Minutes before Matthew Dear was set to take the stage, Helga Davis spoke to a crowd of around 100 people, recounting a brief pitch she was just given on the act from a 17-year-long follower of his music. There were labels signifying the show’s significance — it was Dear’s first concert in New York since supporting his 2012 album Beams and christened the first New York Public Radio-hosted Electronic Music Nights at Public, the then-freshly minted hotel/venue complex from storied nightlife developer Ian Schrager — but she wished to hear, from a fan, what made his music powerful.
“I think what she said that’s most important is that through those years, she has been curious,” said Davis, a correspondent for the internet radio collective New Sounds. “He has kept her curious about what it is that he’s doing…and that’s why I’m going to stay.”
Part of what makes Dear such a curiosity is how nimbly he has infused himself into the year’s musical scenery, welcoming divergent listeners to look in on his work from their most comfortable vantage points. In January came his long-overdue contribution to DJ-Kicks, which paired his tough-bodied tech alias Audion with “Wrong With Us,” a sulking, relationship-existentialism groove that escaped the confines of the series’ mixed-through compilation to become a fan favorite. “Bad Ones,” the latter of Matthew Dear’s two recent singles, is a Sunday-driving duet featuring Tegan and Sara, syncing up with the duo as they and their fans contently reflect on their evolution since The Con. If you’ve been following teen stars Aly & AJ’s decade-later return as luscious pop crafters, you also might’ve come across his buzzy remix of their single “Take Me.”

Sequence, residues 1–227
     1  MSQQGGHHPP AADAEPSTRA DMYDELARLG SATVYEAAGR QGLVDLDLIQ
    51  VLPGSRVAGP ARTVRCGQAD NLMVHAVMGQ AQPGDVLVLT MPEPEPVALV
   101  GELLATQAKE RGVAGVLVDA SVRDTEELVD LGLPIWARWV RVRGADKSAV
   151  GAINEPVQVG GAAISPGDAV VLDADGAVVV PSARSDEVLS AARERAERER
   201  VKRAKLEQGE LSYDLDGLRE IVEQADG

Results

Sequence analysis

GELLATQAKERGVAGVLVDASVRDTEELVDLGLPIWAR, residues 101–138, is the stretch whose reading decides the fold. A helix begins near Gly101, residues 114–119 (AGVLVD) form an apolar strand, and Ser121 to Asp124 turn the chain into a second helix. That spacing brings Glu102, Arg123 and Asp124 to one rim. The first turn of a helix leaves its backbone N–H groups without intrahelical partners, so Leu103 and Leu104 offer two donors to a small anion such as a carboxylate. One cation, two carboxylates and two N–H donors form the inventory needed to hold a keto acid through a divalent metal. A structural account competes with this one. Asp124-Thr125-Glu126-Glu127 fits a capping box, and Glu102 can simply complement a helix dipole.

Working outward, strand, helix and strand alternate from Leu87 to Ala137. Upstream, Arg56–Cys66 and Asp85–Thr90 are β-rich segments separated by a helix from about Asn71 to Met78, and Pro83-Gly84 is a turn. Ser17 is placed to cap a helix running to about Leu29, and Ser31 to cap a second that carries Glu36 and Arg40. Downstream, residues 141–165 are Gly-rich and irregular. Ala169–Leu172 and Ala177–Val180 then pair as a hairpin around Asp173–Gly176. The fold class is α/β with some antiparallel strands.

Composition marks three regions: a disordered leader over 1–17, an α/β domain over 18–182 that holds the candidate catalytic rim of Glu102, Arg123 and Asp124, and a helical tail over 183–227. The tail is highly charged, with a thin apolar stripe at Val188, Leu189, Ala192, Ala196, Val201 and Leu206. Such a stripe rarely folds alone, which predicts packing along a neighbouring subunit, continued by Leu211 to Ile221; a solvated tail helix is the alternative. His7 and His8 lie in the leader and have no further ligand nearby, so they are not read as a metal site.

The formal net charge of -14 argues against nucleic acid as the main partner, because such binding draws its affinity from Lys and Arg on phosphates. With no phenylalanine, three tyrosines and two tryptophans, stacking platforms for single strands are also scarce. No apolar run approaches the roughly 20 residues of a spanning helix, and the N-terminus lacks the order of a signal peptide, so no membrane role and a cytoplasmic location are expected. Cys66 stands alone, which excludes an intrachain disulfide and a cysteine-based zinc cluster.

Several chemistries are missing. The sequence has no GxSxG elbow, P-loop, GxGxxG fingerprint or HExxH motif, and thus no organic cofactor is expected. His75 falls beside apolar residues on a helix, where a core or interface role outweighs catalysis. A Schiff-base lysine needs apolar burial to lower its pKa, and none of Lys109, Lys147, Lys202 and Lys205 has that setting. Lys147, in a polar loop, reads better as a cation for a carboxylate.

Dear took to the stage alone, test-flying tracks from his forthcoming album (“I hate the old songs!” told the crowd, somewhat facetiously. “But for you, I’m going to play them anyway.”). The still-gestating LP is expected sometime in 2018 and still untitled, though a now-fixed glitch in Google would name it as Open. His first new offering for his captive audience, featuring guitar work by gargoyled post-punk band and fellow Detroit musicians Protomartyr, signal further in the direction of his claustrophobic lead single “Modafinil Blues.” Whereas moments on albums like Black City and Beams gave listeners dispirited looks at the outside world, Matthew Dear in 2018 appears to be telling us, with a powdery, robin’s-egg palette, that those intangible items that we fear have steeped inside us.
The older tracks on setlist seemed stacked specifically as contrast, favoring Dear’s most sludge-coated grooves. The torture-device buzz of the bass on “You Put a Smell on Me” beamed beneath Public Arts’ low-clearance ceiling. Dear’s vocal sampling on “Fighting is Futile” — both pre-recorded and live, through a duo of delay and distortion pedals — overflowed with static and flaring vocal tics, ratcheting the unsteady devotion of the lyrics up to an almost menacing level.
Songs would screech and shriek, but nurture a clubby kernel of danceability. Mid-song, he would arch and bend like a decaying tree, urging the song’s subjects to run in his croaking baritone; immediately after, he’d shoot a glimmering smile and shout-out his two young daughters. These are the curiosities that give Matthew Dear a kind of absorbing versatility, offering doors of all kinds for new fans to step through.